Intel expands contract manufacturing

The company will make chips for third parties, CEO Brian Krzanich tells investors

By , IDG News Service |  IT Management

Intel is offering contract manufacturing to any company that wants advanced silicon.

Intel had previously offered contract manufacturing to only select customers such as Altera, Achronix and Netronome, which design high-margin FPGA (field-programmable gate arrays) products, but is expanding that part of its business, Intel CEO Brian Krzanich, said Thursday, during an Intel investor meeting in Santa Clara, California, which was webcast.

"If we can use our silicon to provide the best computing, we'll do it," Krzanich said. "You will see us focusing on a much broader set of customers."

Intel's manufacturing facilities are considered the most advanced in the industry, so the company believes that gives it an advantage as it makes its way into the market for smartphone and tablet chips. Intel competes with ARM in the mobile device, PC, server and embedded markets.

Intel's competitors also include contract manufacturers such as Taiwan Semiconductor Manufacturing Co. and GlobalFoundries, which make ARM-based chips for clients such as Nvidia and Qualcomm. TSMC and GlobalFoundries will start making chips with 3D transistors using the 16-nanometer and 14-nm processes, respectively, starting next year. But Intel hopes to take business away from those companies and will also make 64-bit ARM-based chips on its 14-nm process for Altera, which is one of the top FPGA companies.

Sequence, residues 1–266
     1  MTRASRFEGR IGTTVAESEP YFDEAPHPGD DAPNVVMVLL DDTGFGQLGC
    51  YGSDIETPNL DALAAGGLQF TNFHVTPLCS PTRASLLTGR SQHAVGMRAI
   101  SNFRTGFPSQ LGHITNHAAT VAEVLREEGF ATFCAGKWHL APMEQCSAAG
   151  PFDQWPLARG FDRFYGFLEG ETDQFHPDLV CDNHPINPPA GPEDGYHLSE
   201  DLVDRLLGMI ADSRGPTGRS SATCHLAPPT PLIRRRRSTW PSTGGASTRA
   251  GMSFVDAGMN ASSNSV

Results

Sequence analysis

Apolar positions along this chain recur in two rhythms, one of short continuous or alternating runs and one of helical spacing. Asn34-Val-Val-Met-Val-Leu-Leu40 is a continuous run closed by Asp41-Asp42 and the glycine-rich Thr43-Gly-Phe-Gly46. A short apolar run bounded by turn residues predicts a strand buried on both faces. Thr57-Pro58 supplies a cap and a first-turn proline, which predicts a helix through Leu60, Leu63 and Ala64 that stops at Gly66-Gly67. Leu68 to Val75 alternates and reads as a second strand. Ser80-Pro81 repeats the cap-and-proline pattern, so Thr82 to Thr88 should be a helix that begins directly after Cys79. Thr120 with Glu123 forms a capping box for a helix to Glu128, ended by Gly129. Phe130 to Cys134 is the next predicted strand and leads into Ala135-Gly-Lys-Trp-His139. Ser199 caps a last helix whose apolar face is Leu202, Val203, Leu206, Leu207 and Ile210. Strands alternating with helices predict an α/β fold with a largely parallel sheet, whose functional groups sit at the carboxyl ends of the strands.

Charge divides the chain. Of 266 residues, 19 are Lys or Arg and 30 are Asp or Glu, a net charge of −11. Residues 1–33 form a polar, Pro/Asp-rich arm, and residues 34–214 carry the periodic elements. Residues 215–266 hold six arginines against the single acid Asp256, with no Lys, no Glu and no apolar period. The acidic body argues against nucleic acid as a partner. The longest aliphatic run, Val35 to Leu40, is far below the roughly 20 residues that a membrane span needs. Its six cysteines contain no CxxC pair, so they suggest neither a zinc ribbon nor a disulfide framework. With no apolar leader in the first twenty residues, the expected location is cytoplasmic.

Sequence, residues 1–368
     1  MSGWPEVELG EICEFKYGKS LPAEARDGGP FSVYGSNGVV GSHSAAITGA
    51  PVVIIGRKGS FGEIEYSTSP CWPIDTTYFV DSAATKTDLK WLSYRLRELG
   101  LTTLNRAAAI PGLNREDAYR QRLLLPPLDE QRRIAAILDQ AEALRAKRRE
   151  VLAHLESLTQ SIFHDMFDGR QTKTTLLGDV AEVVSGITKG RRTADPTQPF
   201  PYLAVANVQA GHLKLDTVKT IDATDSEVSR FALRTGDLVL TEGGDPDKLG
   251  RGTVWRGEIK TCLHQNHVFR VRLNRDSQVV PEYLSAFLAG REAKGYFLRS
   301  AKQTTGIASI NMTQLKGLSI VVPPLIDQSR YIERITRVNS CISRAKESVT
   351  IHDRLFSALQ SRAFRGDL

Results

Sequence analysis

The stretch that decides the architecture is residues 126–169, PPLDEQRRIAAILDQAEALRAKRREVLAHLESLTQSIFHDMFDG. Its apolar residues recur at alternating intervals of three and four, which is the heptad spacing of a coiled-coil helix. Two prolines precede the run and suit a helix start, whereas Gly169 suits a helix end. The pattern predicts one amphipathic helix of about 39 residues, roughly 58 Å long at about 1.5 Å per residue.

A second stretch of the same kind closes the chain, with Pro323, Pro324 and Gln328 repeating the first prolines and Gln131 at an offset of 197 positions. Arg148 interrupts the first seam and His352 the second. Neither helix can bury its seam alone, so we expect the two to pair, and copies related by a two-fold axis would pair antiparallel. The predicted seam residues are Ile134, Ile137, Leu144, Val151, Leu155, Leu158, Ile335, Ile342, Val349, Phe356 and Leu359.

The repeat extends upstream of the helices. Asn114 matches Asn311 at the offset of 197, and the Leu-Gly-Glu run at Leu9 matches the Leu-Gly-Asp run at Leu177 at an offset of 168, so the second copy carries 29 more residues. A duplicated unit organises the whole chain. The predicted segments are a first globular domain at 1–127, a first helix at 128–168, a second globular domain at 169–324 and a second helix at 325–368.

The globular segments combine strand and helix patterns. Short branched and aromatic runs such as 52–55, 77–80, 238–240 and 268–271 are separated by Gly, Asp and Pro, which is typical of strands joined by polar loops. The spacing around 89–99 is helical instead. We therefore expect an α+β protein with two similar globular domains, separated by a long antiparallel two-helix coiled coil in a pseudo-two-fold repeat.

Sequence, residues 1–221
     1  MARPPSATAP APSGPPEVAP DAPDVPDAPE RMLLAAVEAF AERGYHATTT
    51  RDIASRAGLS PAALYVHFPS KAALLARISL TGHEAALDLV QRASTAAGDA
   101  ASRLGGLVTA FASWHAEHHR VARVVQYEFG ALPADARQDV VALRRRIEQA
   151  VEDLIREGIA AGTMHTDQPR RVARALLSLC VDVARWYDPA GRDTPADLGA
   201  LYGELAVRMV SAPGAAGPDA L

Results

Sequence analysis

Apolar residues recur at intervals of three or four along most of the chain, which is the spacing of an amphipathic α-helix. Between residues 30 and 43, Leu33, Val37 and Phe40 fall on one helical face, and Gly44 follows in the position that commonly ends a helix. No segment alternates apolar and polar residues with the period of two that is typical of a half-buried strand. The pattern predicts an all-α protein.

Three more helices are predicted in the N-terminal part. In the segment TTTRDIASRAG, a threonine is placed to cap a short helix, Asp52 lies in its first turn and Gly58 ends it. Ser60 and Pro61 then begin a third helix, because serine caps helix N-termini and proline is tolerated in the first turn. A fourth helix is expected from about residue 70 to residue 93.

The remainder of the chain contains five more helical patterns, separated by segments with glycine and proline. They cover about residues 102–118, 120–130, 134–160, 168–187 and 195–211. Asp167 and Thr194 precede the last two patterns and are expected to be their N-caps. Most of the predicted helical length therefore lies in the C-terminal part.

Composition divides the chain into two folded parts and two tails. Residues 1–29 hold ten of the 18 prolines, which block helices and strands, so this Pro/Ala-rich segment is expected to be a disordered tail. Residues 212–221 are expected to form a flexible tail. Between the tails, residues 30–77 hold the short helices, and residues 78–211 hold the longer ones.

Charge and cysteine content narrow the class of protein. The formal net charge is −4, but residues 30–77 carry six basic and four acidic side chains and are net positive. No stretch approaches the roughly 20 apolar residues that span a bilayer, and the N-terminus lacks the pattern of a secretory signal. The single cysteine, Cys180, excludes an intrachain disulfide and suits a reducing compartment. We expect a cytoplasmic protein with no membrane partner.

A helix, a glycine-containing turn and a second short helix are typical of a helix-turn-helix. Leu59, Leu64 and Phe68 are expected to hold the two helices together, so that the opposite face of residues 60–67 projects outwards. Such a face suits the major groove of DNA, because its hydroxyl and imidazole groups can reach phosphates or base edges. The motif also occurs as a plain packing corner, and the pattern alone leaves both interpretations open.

Intel is currently struggling with its 14-nm process, delaying by three months the manufacture of chips. Its PC chips code-named Broadwell, which are based on the 14-nm process, are now expected to appear in the second half of next year.

Intel has had idle capacity in its factories with the decline in demand for its PC chips, which has hurt the company's profits.

Krzanich pitched its manufacturing facilities to third parties as keeping up with Moore's Law, which could bring power and performance benefits. There have been many interpretations of Moore's Law in the past, with one being that the number of transistors that can be placed on silicon doubles every two years. Intel interprets Moore's Law to the economics related to cost-per-transistor, which drops with advances in manufacturing.

There will be substantial performance improvements as well as cost and power reduction with the 14-nm and 10-nm processes, said William Holt, executive vice president and general manager of the Technology and Manufacturing Group, during a speech at the investor meeting.

"All of the segments need these improvements in power," Holt said.

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